Cross Site Scripting aka XSS is increasingly a problem with a lot of webapps and there was a discussion on the phpsec mailinglist about that. As we try to prevent XSS in our BxCMS software since quite some time, I wrote a blog entry (and a little update) about that and put a test page online. Quite a few people tested some common exploits and I further improved our script.
In this article, I will explain the different exploit we try to solve with it and also some other remarks.
What is Cross Site Scripting aka XSS?
I'm far too lazy to write something about that, see Chris Shiflett's article for a very good overview and introduction into XSS.
About our script
We wanted to allow some HTML stuff in our comment fiels, but just allowing everything isn't a good idea. So it started with some simple regular expression for the most commonly abused stuff. As with all regex approaches on XML style input, it got soon quite complex. It's far from perfect, but does prevent most stuff (At least known to me). It does sometimes clean too much, but if someone tries to input exploitable code, it doesn't matter if it removes not-so-bad stuff, IMHO. It shouldn't remove anything on valid input.
I also recommend applying tidy before and maybe even after the script. tidy itselfs fixes some badly written HTML, which makes the regexes easier. I don't rely on tidy in the script, but I nevertheless recommend it.
The script also does not prevent "CSS Hacking", meaning you can quite simply change the layout of a page with like background-color or whatever. This is not dangerous, just annoying.
If you don't want HTML in the input at all, there are much easier ways to prevent that, than this approach, just use some regular PHP functions like strip_tags and htmlentities.
A very good solution. Cleans even more than my solution and as it uses htmlsax, it can for example far better check single attribute values and doesn't rely entirely on regex magic. It's also not slower than my solution.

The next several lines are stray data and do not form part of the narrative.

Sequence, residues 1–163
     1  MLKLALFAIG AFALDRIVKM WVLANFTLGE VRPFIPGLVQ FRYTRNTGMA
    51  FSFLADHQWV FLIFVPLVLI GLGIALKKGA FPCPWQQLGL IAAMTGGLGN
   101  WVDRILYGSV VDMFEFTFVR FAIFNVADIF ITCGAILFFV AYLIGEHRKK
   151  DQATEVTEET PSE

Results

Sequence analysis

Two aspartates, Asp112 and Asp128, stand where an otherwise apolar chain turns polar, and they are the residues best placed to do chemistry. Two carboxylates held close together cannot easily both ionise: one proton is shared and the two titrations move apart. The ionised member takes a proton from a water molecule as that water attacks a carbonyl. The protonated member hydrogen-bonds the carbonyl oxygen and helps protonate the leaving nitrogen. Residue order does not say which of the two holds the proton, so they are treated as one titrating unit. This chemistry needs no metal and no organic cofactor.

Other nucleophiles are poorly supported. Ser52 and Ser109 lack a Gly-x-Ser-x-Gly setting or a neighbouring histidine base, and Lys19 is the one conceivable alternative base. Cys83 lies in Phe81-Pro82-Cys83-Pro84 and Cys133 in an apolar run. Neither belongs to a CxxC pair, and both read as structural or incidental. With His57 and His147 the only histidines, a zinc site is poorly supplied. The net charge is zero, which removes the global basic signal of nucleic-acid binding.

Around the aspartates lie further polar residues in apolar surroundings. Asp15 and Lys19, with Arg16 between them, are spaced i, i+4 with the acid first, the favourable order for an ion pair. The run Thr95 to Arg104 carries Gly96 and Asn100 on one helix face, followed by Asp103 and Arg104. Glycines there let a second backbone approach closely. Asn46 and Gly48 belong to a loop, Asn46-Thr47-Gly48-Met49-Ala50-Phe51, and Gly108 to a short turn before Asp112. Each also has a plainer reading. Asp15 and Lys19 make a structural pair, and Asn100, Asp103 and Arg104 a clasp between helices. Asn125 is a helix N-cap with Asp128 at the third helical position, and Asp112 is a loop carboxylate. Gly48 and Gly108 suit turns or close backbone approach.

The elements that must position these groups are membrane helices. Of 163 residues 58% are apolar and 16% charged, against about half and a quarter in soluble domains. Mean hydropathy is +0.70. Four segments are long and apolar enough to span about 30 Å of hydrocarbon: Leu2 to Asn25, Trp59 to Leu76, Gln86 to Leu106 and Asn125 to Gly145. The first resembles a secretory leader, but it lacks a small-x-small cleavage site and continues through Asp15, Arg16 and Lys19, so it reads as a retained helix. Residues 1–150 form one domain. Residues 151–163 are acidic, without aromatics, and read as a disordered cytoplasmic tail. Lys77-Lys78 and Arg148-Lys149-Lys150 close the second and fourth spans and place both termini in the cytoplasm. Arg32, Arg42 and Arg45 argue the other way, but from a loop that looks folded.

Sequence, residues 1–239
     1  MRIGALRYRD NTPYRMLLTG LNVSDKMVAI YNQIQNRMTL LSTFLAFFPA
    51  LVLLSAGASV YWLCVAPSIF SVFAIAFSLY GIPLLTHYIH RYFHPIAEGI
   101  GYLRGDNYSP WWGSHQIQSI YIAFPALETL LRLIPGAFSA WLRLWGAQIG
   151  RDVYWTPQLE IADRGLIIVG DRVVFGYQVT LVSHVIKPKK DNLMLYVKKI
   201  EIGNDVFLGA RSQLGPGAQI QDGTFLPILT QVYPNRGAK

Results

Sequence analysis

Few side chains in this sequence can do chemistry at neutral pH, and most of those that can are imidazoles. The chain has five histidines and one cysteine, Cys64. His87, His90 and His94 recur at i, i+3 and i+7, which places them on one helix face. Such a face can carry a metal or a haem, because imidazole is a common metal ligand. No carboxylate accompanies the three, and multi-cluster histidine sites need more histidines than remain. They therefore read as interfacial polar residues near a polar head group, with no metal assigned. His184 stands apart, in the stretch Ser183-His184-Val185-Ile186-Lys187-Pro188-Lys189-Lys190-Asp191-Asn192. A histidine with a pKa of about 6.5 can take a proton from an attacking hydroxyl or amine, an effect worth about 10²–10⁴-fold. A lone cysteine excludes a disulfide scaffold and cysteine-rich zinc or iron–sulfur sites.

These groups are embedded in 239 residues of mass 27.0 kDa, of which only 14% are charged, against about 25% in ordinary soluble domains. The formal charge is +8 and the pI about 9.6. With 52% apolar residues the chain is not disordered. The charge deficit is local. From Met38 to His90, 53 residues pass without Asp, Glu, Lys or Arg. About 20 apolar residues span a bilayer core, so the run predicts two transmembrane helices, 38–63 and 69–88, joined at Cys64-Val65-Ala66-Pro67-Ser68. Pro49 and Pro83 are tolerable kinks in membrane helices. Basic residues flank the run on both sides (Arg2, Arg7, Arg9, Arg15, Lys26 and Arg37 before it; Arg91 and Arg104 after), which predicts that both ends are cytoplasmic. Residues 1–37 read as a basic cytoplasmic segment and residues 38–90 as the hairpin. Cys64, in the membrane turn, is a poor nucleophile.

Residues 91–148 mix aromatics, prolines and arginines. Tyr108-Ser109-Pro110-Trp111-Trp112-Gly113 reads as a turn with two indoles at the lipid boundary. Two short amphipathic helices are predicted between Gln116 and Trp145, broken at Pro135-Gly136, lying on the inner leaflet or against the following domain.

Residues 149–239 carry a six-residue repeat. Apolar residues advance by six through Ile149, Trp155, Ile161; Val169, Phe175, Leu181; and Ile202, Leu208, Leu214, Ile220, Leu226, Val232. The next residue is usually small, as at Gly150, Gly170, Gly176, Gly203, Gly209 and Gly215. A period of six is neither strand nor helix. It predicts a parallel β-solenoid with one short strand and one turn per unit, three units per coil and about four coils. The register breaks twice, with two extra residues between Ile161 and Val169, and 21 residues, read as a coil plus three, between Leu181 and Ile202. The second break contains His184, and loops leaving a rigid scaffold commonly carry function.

There's nothing, which speaks against those solutions, they are much older, more tested and therefore most certainly more secure than my solution. When I did first implement my method, I didn't know about them. Now I know and I most certainly wouldn't write my own again. But I was curious, what people will find and how it could be improved.
The script dissected
I'm now trying to explain each regex and what it tries to prevent.
Entities in input
A very common approach to circumvent XSS-cleaners is to use entities instead of plaintext, therefore the first thing we do is to remove does entities with their UTF-8 equivalent (we assume, the input is utf-8 here)
Before doing that, there's one entity style, which html_entitiy_decode doesn't catch. An entity can have a white space before the closing ; (at least browsers do support). Something like
is perfectly treated as an ä. We do remove this with:
Furthermore numeric entities don't need a trailing semicolon (very stupid, IMHO) to be recognized by browsers. The following line takes care of that:
One of the easiest way to do XSS is to use one of the on* attributes, like onclick or onload. With this you can easily execute a script, without the user even having to do something (with onload, etc) or just having to click or hover over something.
We just remove them all with
the second kind of attributes we remove here are namespace attributes. If we only want HTML as input, you don't need them. There are some funny exploitable things with XBL or just namespacing XHTML nodes in Mozilla (but it doesn't work, if the site is delivered as text/html).
If you write your own filter, be aware, that browser also parse something like that
There are more "dangerous" protocol, which you should get rid of, like:
about, wysiwyg, data, view-source, ms-its, mhtml, shell, lynxexec, lynxcgi, hcp, ms-help, help, disk, vnd.ms.radio, opera, res, resource, chrome, mocha, livescript
leads to an endless loop of alerts... url() expression for loading background images can also have *script: protocol handlers. The following removes them:
As mentioned above, the script sometimes removes too much. This regex is an example, it just clears all attributes after the style attribute. But so what, bad input is bad input and I don't care if it removes too much in such a situation (safehtml mentioned above does handle such situations better, btw)
There are more css-tricks possible with instructions like: behavior, include-sorce (NN4 only), moz-binding, content, absolute/fixed (only bad for re-positioning, not executing JS)
We removed all namespace declarations above, here we remove all elements, which have a prefix, they are not needed in HTML..
There are quite some elements in HTML, which you definitively don't want in something like user comments. We remove them with:
The reason for the while loop is, that stuff like
is completely removed. Again, applying tidy before passing the string to this script would have prevented such comments in the first place.
The script seems to do its job, but I don't claim, it's perfect. Use it at your own risk and combine it with other methods like tidy and striptags.
If you find further holes, please report them to me, so we can improve the script.
The following people sent me their input for further improving the cleaning. I like to thank them a lot
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